On March 3, 1897, President Grover Cleveland signed the Bottled-in-Bond Act of 1897. It was the last piece of legislation that he signed as President of the United States. He signed the act and got into the carriage that took him to the inauguration of President McKinley. It had been a long fight to get the act passed by the distillers of straight whiskey. It was opposed by the rectifiers such as I.W. Bernheim and George Garvin Brown who thought that it gave an unfair advantage to straight whiskey distillers in the market place. Yet it passed through Congress with the support of distillers such as E.H. Taylor, Jr. and James E. Pepper. The Secretary of the Treasury was a Kentuckian, John G. Carlisle, who was instrumental in getting the law passed.
The Bottled-in-Bond Act of 1897 guaranteed that every drop of whiskey in the bottle was made by the same distiller, made in the same season, at least four years old, bottled at 100 proof and nothing was added to the whiskey except pure water to adjust the proof. Consumers were slow to realize the advantages of bonded whiskey, but they eventually came to trust it as pure whiskey and preferred it over other, blended whiskey.
Bottled-in-Bond whiskey fell out of favor in the 1970s as whiskey sales as a whole declined. Consumers at that time preferred spirits that were lighter in flavor such as vodka. Bonded whiskey fell out of favor in the marketplace and distillers introduced lower proof whiskeys to try to satisfy the consumer demand for lighter flavor.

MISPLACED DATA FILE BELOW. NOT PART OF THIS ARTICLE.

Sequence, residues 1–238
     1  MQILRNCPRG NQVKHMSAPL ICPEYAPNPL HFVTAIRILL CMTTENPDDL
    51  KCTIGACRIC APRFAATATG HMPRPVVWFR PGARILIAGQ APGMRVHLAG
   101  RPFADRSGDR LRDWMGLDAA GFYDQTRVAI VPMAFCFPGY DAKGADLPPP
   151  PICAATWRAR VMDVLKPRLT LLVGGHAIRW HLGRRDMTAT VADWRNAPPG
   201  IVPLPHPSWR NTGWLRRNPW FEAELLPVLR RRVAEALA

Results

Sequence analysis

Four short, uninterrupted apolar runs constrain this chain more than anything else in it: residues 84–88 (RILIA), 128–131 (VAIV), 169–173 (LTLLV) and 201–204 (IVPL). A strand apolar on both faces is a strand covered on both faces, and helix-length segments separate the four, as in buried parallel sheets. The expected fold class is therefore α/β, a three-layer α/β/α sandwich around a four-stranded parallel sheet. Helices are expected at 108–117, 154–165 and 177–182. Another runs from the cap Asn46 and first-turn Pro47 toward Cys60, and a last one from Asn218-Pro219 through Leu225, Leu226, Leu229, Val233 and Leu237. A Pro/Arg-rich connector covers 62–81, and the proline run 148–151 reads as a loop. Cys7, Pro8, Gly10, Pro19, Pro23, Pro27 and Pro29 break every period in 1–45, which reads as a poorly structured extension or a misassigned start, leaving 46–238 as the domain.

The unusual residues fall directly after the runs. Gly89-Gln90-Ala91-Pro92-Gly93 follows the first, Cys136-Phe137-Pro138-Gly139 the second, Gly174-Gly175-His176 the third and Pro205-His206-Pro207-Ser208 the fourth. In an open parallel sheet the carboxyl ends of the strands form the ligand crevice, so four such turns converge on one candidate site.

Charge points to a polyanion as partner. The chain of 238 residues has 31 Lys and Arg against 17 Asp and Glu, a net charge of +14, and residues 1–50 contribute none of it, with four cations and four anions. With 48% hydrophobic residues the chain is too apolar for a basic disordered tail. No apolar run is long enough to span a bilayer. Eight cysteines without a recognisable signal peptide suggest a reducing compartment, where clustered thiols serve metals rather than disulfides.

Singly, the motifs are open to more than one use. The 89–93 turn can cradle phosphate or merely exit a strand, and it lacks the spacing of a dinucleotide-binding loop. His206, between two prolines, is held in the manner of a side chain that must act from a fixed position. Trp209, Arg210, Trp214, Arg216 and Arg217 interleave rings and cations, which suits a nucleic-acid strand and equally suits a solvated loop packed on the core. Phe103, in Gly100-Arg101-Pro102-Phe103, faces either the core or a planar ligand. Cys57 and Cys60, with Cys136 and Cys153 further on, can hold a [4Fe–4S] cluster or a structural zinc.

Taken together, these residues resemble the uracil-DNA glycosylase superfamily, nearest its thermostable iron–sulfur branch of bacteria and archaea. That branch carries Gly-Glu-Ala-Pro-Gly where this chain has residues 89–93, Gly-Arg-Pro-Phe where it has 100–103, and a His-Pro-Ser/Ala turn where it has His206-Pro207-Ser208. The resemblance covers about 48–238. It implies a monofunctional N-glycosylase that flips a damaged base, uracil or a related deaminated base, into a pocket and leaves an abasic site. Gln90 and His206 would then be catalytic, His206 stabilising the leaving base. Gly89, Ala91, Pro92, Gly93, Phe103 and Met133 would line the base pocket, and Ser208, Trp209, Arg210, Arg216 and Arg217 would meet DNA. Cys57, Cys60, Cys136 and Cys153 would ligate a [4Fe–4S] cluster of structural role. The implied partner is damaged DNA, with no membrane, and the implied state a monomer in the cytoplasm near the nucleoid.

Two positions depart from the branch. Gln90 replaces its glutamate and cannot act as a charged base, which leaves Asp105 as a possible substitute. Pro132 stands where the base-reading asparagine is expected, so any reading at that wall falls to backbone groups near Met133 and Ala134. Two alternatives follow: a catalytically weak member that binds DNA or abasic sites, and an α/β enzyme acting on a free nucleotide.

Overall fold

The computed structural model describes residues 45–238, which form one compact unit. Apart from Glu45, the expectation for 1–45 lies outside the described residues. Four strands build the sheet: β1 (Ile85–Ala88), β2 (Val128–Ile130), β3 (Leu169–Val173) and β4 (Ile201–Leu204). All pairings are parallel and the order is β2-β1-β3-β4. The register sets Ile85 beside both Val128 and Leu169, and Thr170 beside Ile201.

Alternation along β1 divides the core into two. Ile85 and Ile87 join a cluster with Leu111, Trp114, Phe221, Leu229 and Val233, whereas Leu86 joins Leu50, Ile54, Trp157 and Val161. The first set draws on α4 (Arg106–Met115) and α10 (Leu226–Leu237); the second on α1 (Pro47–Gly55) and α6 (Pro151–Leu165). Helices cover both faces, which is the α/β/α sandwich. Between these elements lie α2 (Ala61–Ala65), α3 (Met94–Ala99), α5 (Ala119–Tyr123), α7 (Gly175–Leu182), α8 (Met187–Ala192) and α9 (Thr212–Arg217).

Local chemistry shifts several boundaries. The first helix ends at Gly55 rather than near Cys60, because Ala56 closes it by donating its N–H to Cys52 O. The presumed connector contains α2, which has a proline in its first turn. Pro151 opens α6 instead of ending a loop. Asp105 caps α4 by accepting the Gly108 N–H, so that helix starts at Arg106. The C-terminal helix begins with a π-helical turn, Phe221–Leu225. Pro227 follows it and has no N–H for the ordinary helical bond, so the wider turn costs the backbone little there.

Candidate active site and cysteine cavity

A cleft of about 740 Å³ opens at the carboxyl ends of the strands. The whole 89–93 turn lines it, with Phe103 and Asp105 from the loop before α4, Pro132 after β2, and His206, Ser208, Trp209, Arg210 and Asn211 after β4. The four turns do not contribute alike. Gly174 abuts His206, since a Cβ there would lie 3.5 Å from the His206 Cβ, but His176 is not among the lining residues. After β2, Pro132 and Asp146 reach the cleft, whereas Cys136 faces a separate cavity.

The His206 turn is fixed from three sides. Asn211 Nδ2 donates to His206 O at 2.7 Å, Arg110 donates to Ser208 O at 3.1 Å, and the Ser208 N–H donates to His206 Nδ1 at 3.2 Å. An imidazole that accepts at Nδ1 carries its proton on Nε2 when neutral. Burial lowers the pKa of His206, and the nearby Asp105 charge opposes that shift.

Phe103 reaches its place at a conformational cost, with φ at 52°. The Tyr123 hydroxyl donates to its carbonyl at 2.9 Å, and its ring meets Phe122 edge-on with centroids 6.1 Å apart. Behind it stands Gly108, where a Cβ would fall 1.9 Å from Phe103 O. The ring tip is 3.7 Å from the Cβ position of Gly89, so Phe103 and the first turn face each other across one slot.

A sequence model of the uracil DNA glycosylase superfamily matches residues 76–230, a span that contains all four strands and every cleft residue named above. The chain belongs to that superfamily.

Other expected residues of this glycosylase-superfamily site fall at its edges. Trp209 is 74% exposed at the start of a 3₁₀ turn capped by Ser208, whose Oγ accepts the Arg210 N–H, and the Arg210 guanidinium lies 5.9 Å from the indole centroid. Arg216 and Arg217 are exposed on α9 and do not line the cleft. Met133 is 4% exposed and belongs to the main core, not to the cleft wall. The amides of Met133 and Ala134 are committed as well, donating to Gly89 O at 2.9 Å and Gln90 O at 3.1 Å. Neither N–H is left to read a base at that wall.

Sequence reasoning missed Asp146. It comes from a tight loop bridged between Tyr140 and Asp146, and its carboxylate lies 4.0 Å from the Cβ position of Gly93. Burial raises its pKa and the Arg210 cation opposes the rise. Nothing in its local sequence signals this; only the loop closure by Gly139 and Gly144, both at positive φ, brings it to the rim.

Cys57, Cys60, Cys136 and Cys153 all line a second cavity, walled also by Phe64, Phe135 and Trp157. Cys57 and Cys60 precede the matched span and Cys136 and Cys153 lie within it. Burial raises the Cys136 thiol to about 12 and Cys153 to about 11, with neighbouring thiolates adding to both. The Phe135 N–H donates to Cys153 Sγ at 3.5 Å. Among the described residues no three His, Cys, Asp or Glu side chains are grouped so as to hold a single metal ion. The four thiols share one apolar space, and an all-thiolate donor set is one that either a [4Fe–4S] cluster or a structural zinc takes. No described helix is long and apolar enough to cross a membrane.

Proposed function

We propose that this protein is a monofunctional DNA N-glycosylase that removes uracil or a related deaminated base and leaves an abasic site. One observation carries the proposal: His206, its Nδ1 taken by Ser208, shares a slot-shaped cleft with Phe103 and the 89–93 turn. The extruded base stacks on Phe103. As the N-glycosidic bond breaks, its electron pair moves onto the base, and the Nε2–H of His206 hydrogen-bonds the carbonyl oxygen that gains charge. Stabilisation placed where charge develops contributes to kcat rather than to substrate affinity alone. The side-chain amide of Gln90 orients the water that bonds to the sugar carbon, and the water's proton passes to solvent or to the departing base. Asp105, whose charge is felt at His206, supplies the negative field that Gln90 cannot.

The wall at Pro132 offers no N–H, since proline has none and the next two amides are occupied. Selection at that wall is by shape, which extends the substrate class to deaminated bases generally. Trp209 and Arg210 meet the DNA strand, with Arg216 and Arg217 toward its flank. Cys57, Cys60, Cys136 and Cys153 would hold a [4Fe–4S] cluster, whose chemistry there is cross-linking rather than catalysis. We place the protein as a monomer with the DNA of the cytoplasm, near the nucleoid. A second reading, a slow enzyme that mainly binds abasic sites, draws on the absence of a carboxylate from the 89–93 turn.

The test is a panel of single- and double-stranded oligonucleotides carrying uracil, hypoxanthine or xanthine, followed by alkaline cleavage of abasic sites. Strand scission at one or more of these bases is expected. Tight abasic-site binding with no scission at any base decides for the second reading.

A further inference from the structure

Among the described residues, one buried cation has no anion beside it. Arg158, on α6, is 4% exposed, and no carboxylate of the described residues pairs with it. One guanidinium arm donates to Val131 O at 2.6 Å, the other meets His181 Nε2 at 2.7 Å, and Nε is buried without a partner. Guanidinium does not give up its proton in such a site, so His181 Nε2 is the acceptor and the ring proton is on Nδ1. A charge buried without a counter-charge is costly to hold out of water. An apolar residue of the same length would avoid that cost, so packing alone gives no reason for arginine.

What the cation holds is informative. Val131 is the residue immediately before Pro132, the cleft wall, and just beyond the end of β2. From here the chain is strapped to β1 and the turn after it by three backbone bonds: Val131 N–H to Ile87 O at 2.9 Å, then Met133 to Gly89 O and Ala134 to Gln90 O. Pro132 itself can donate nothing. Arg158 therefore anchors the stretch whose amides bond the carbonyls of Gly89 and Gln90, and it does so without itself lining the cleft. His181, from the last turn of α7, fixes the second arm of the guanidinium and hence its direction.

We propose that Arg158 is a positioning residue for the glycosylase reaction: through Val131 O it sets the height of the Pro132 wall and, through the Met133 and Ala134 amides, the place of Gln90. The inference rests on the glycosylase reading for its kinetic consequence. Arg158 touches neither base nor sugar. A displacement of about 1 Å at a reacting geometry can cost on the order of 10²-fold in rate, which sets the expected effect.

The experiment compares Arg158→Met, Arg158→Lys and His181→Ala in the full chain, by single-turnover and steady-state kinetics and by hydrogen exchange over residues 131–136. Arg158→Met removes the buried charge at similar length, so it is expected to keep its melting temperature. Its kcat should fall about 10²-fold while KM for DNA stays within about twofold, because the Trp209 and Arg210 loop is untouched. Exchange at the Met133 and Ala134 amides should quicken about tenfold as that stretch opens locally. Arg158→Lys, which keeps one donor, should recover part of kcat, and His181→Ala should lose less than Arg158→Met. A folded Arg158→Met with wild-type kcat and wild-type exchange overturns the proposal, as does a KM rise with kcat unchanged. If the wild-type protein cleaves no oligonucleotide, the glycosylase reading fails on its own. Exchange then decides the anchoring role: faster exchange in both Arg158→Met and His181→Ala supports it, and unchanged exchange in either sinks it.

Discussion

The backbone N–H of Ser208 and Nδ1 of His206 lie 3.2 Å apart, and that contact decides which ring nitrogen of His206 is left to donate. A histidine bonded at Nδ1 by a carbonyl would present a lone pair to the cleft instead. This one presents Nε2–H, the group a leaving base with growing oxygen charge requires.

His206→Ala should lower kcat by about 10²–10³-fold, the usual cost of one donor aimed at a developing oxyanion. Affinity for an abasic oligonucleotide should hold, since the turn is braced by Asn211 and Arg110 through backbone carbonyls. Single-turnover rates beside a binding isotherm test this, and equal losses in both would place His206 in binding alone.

Bottled-in-Bond whiskey is making a comeback in the 21st century. This is partly the result of the work of such people as Bernie Lubbers of Heaven Hill Distillery and others who have worked hard to promote bonded whiskey in the market. It is also the results of the artisan distillery movement. More and more artisan distillers are bottling bonded whiskey. Bonded whiskey is required to have the DSP number of the distillery that made the whiskey on the label and artisan distillers release bonded whiskey to show that they made the whiskey in the bottle and it is not sourced from another distillery.
March 3 is a significant date as it was on this date in 1897 that the act was finally passed. It should be recognized as an important date in whiskey history. March is “Bonded Whiskey Month” and that too is an important event, but the date of March third should be especially noted. As more and more regulations are being put aside in the whiskey industry with products such as cherry and cinnamon flavored whiskeys are being labeled as “Bourbon”, it is good to know that bonded products have kept the straight whiskey image and consumers are once again looking for bonded whiskey and purchasing it. Bottled-in-Bond whiskey is growing once again as a product that consumers want and trust.
Photos Courtesy of Rosemary Miller
March 3, 2023 at 5:36 pm
Starting in the late-20th century, marketers have focused on bonding solely as a government program to improve product quality. But I recall from civics class that it was also a tax program, kind of an IRA for whisky – the taxes on the product were deferred while it aged in a bonded warehouse. The government was essentially investing in the whisky, and set standards for its quality.